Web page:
[Recognition Programs Require Better Bricks - Not Better Structures - From Paul Hebert-VP Solution Design. Read more about him on our Leadership page.]
I’ve posted in the past on the idea of “negative reciprocity” whereby if you’re treated unfairly by someone you will typically find a way to “repay” that unfairness by being unfair in your response. I positioned that in the vein of organizations asking for employee sacrifices during the downturn of the past few years and then not necessarily paying them back for that sacrifice creating a potential backlash against those companies once the economy turns around. I’m sticking to my story – I still think there will be that snap back and many companies will be caught off guard.
But there is also this little tidbit I found on the Scientific American site a while back… “Bad Behavior Gets “Paid Forward” Even More Than Good.”
Just based on the headline we can surely understand what’s coming – that people treated poorly will treat others poorly more often than they treat someone well if they are treated well.
Well – it’s actually a little more complicated than that.
An experiment was conducted that ran as follows:
I tell you I gave someone $6 and told them they could give as little or as much as they wanted to you and keep the rest for themselves. I then give you the envelope that contains your “cut.” You open the envelope and there’s nothing in it. You were stiffed. Now I give you another envelope with $6 in it and give you the same choice – keep what you want – pass on what you want to someone else. What do you do? Before you answer consider this… Just for grins think of this same set-up whereby you got $3 or even the full $6? What would you do in those situations when I give you the next envelope with $6 in it to pay forward some portion?
Would you pay forward the greed if you get stiffed? Would you pay forward the fairness of a $3 split and if given the full $6 would you pay forward that generosity by passing on the full $6?
They ran this experiment a bunch of times with 100s of people and the results are a bit surprising…
Wait, what? We got $6 of found money and we only passed on $3? We are greedy little things aren’t we?
But here’s the weird thing in all of this giving – it would make sense to “retaliate” if you were giving back to the person you received from – but in this experiment you’re not. You’re giving to someone completely different – not connected to the initial give. Therefore, in two of the conditions you’re punishing someone else for your mistreatment and your own greed.
As the author says in the article:
“Our results reveal that people pay greed forward as a means of dealing with the negative emotions that being treated badly engender: if I can’t pay you back for being a jerk, my only option for feeling better is to be a jerk to someone else.”
Read that again. In order to feel better about being treated badly – I’m going to treat someone else badly. Sounds a bit like kicking the cat because the boss is a jerk.
Now think of this in terms of your organization.
How often to you ask for favors? How often does your job outcome rely on someone else doing a great job and vice versa – how often does what you do dictate whether someone else can produce above average results. Organizations are one big factory of give/get/reciprocity/fairness/greed.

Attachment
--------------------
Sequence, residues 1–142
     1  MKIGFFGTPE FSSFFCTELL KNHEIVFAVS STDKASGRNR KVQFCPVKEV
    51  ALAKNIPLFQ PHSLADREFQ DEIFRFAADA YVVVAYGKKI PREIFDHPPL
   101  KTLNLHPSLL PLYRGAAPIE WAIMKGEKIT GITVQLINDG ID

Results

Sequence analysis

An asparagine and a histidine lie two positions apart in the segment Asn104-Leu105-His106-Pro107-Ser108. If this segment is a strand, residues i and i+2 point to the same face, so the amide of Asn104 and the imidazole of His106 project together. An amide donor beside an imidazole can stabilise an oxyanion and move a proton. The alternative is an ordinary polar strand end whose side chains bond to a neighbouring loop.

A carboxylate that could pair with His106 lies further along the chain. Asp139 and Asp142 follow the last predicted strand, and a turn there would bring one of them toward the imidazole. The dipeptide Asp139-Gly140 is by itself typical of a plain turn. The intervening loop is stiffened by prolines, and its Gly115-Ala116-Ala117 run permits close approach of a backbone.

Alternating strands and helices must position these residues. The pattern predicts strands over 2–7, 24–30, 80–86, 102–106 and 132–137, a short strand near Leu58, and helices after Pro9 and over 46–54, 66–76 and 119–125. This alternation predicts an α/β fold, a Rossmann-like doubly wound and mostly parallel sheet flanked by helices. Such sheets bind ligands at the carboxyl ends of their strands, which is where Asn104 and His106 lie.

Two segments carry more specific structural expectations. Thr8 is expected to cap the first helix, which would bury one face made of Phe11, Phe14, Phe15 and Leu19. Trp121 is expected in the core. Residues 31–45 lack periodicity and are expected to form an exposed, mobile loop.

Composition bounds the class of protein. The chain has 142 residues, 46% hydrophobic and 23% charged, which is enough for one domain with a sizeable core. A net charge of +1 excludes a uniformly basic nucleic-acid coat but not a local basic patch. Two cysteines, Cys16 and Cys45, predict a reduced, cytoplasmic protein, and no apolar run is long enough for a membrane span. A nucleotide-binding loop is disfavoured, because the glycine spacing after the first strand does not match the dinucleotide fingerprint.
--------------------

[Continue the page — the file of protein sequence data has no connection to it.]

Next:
Organizations REQUIRE sharing and managing resources.
It would seem that if left to our own devices – over time the sum total of “paying forward” good stuff would regress to mediocrity and everyone would end up giving less than received and ultimately creating a really poor environment for engagement.
Remember – even when faced with generosity we don’t pay forward the same amount so over time that generosity fades and the entire thing just flattens out.
What can you do to keep your organization on an upswing?
One of the things the psychologists in this article suggest is that if people believe they are part of a “group” with similar goals and objectives, similar rules and constraints – they are less likely to act in such blatant self-interest and more likely to help each other.
In other words – if we think we are part of a single culture – a single tribe – then generosity can spread through the network – the organization.
Creating that “brand” affiliation is a function of the language your company uses, the symbols that represent who you are as a group, the stories you tell about your company and most importantly – the way in which you reward and recognize EVERYONE in the company against cultural touchstones that define who you are.
I know a lot of companies will say they have recognition programs in place that reinforce their culture and the values of the organization. We agree they are important. Those are the “structures” we build to help us communicate and manage the information we create when we “do recognition” within a company.
But we at Symbolist believe the question isn’t “do you have a program?” but first and foremost do you have:
Those are the important elements of your reward strategy – much more so than the toaster, the clock, the watch or the coffee mug with a logo or even the pretty social recognition wall.
Get to the core of building your tribe by crafting the building blocks before you start building the structure.
How strong the bricks are determine how strong the structure will be.